To Cork Street for more monochromatic art. This time the work of Josef Albers whom I had previously known for his colourful "Homage To The Square" series. Josef Albers: Black and White, currently on show at Waddington Custot, was then a bit of a revelation to me as it showcases a variety of his experimental black and white pieces including photography, engravings on vinylite and glass pieces.
I particularly liked the abstract, graphic, linear quality of the pieces on show which explore space and play tricks on the eye like optical illusions. It was interesting to see his work restricted to the challenges of a self-imposed monochromatic tonal palette, and being able to contrast it with his more well-known work dealing with planes of solid colour. I loved the Constellation pieces like the work below, which were white lines etched into black vinyl. Some were sand-blasted in areas to give a combination of matte and shiny surfaces which were tactile and graphic.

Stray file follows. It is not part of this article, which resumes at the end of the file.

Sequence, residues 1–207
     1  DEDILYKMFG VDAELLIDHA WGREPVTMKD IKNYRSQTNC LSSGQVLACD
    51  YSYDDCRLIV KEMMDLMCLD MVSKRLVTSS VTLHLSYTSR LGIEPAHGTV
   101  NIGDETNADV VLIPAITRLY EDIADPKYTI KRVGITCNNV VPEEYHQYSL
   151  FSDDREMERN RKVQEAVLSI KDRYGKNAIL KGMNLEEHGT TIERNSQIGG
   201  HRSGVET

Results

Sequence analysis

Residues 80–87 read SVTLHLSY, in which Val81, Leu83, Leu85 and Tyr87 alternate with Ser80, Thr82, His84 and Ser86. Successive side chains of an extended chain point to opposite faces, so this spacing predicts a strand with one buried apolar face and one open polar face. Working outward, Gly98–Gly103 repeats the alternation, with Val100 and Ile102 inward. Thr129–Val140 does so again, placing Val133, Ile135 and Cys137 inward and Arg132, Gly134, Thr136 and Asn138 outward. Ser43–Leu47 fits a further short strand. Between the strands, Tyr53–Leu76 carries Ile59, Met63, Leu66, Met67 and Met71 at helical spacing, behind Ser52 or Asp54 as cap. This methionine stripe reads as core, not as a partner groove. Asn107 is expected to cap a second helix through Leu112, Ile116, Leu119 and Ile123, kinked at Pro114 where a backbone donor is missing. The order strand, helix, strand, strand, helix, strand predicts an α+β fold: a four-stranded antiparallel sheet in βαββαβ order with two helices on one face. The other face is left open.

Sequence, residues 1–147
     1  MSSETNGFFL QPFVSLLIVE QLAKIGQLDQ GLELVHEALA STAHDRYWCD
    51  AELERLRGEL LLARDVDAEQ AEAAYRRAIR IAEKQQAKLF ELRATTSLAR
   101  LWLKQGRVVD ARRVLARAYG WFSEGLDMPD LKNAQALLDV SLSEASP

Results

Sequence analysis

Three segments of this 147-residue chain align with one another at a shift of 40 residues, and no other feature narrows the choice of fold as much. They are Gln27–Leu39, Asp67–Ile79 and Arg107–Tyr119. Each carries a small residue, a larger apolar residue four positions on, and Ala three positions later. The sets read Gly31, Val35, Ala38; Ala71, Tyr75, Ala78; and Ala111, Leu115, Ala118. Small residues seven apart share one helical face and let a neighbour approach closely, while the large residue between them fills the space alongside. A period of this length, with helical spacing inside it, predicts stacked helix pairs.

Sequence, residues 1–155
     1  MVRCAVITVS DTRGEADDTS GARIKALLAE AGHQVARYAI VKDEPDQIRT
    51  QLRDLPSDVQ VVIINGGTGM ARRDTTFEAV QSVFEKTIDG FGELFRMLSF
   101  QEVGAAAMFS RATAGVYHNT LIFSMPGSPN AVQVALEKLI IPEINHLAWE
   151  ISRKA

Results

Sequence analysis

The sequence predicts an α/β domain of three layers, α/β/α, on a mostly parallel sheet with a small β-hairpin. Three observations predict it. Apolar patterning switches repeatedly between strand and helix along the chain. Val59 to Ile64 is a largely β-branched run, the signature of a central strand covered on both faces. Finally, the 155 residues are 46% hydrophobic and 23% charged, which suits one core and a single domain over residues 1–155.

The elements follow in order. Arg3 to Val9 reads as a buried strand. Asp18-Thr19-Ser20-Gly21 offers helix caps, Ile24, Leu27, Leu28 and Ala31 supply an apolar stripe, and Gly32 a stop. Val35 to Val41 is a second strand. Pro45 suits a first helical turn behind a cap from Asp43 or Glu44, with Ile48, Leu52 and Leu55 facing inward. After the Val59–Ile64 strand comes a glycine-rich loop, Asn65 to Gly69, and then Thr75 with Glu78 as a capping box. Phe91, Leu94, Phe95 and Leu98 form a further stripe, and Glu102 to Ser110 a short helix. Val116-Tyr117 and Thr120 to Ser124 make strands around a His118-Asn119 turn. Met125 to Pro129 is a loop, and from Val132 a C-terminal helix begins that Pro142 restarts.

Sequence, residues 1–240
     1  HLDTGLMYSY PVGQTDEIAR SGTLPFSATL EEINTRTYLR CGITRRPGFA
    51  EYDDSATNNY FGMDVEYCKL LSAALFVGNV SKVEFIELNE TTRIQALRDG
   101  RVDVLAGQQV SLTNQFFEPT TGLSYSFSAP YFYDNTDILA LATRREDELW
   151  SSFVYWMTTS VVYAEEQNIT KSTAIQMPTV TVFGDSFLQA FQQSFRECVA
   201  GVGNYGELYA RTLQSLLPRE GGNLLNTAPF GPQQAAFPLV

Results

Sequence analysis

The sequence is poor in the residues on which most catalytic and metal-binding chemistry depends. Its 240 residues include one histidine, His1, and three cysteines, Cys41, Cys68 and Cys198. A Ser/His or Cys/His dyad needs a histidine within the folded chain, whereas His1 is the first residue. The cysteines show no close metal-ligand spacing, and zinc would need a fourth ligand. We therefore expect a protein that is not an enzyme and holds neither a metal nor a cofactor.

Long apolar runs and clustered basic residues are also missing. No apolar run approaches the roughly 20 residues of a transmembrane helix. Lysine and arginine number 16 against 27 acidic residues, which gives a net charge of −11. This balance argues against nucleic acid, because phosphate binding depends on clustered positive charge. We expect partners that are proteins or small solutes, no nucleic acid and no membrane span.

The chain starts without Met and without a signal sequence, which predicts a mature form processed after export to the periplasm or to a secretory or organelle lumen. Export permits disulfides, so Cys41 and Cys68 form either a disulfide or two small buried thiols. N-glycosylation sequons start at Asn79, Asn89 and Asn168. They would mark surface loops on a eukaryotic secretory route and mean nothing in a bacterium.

Certain pieces reminded of the work of Ben Nicholson, and for some reason the cover of Joy Division's seminal album Unknown Pleasures (below).
The linear geometry of Albers' black and white work also brought to mind the lovely architectural inspired etchings of Bronwen Sleigh (below), seen recently at the London Original Print Fair, which also explore space with a series of drawn lines and planes.
Josef Albers: Black and White
until June 2nd
11 Cork Street